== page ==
From SSL to TLS: The Road towards Better Security

Wednesday, October 28, 2015

ssl tlsSSL (Secure Sockets Layer) and TLS (Transport Layer Security) are protocols that verify communicating parties and encrypt information on the Internet, such that people can transact highly confidential information such as credit card details securely or pass on important data such as passwords over the Internet.

Often a time, website owners looking to purchase a digital certificate for security may chance upon two commonly used terminologies, SSL, and TLS, invariably getting themselves confused. So.. Is there a difference between SSL and TLS?

In truth, there is and TLS is known for its better security with lesser vulnerabilities. TLS is an upgraded version of SSL and built upon previous versions each time. It starts off with SSL 1.0 and till date, the current version stays at TLS 1.2.

Transition History from SSL to TLS

SSL has transitioned to TLS over the past two decades and been through several rounds of security enhancements, as well as a name change.

1. SSL1.0
Netscape Communications Corporation designed the first version of SSL naming it SSL1.0. But major vulnerabilities were found in its protocol and Netscape Communication Corporation gave up releasing SSL1.0.

2. SSL2.0
SSL2.0 was developed by fixing the vulnerability on SSL1.0 and re-designing the protocol. It was officially released in 1994 by Netscape Communications Corporation. SSL2.0 was implemented in Netscape Navigator 1.1, a web browser developed by Netscape Communication Corporation. Since then, some vulnerabilities were found in SSL2.0 and RFC 6176 prohibited use of SSL2.0 in 2011.

3. SSL3.0
Netscape Communication Corporation fixed the problems with SSL2.0, made functional additions to it and then released the protocol as SSL3.0 in 1995. They implemented SSL3.0 in their Netscape Navigator 2.0; however, the vulnerability “POODLE” (Padding Oracle On Downgraded Legacy Encryption) was found in SSL 3.0 and RFC 7568 prohibited use of SSL3.0 in 2015.

4. TLS1.0
Standardization development of an SSL protocol was transferred to the working group in IETF (The Internet Engineering Task Force), the organization that develops standardization of the technology used on the Internet, and the protocol name was also changed from SSL to TLS.

The first version of the protocol developed by IETF was named as TLS1.0, standardized as RFC 2246 and released in 1999. A significant difference between SSL3.0 and TLS1.0 did not exist, but some alterations were made in TLS1.0.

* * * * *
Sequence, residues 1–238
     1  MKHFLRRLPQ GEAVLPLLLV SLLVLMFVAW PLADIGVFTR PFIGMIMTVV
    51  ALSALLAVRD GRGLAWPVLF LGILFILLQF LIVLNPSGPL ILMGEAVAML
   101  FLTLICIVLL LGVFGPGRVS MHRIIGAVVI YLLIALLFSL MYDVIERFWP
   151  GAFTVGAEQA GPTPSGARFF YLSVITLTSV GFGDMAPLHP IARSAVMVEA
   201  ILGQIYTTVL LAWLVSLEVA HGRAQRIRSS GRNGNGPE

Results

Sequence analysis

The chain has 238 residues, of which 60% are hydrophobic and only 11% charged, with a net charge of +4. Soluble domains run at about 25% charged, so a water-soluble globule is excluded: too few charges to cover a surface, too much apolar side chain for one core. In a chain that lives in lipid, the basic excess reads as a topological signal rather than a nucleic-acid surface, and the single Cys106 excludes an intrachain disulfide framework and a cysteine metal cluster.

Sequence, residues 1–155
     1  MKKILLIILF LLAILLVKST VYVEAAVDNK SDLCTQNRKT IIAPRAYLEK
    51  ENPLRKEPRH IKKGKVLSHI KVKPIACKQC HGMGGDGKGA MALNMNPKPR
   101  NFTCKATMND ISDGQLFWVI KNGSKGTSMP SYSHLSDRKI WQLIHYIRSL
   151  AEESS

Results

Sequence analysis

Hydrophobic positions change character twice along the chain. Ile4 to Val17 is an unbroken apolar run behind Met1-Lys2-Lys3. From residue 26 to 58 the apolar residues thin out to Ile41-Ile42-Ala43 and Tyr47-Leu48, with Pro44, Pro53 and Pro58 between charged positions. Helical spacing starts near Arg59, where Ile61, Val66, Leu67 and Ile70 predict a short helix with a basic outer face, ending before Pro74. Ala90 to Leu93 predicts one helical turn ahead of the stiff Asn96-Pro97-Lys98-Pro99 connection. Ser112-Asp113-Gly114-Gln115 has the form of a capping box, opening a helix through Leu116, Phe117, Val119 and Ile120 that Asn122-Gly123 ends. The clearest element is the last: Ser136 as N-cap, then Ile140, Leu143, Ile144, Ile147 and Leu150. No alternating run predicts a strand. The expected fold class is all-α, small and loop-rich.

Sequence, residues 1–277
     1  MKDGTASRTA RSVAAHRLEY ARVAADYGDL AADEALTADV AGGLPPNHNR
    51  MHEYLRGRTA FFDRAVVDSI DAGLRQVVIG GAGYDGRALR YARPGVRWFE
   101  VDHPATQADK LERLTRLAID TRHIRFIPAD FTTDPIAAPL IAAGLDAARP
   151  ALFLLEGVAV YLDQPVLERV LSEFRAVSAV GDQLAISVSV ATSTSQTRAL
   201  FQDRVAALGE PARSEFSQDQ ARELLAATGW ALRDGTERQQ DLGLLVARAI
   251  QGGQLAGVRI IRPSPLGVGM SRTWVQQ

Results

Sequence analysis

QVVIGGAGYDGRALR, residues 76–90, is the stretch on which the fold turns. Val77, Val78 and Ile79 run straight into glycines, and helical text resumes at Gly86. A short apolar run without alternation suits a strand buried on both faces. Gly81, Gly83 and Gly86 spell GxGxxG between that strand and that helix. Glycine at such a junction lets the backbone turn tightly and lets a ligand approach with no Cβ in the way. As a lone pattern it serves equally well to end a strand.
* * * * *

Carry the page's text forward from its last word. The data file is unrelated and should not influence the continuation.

5. TLS1.1
TLS1.1 was standardized as RFC 4346 in 2006. TLS1.1 focus on strengthening tolerance against newly discovered attacks and AES (Advanced Encryption Standard), a form of the data encryption technologies and it uses 3 types of keys (128/192/256 bit) for encryption to strengthen security, was added to the option in TLS1.1.

6. TLS1.2
TLS1.2 was the version that added SHA-256. SHA-2 is a type of hash that was designed by U.S. National Security Agency and was standardized as RFC 5246 in 2008. As of now, TLS1.2 is the latest version and is available for use in encryption technologies that has compatible verification feature such as GCM mode and CCM mode addition to the existing CBC mode in TLS1.2.

The next version “TLS1.3” has already been proposed and some characteristics of the new “TLS1.3” have already been stated and outlined. One of which states that the version does not support data compression and abolishes encryption technologies that are not compatible with verification features such as CBC mode block encryption.

The Merits of SSL and TLS

While SSL has evolved tremendously, the core technology and features beneath it remain the same.

SSL and TLS provides:
・Encryption of communication contents to prevent divulging of information
・Verification of communications ends to prevent spoofing
・Verification to examine whether messages have been manipulated during transmission

SSL/TLS should be used on all websites regardless of business type and nature (Learn about HTTPS Everywhere).

SSL/TLS Compatibility with DigiCert Products

DigiCert mentions that “All DigiCert digital certificates are compatible with SSL and TLS protocols. However, because of the notable vulnerabilities in SSL 3.0, DigiCert recommends disabling SSL 3.0 on your server completely if you have not already done so. By disabling SSL 3.0 and enabling TLS, admins will receive the same level of encryption without the vulnerabilities. If you are unsure about what SSL/TLS versions you have enabled, you can use the Certificate Inspector for vulnerability scanning, analytics, and more.”

DigiCert SSL certificates use SSL/TLS encryption technology and are implemented globally by well-known companies such as IBM, Intel, and NASA.

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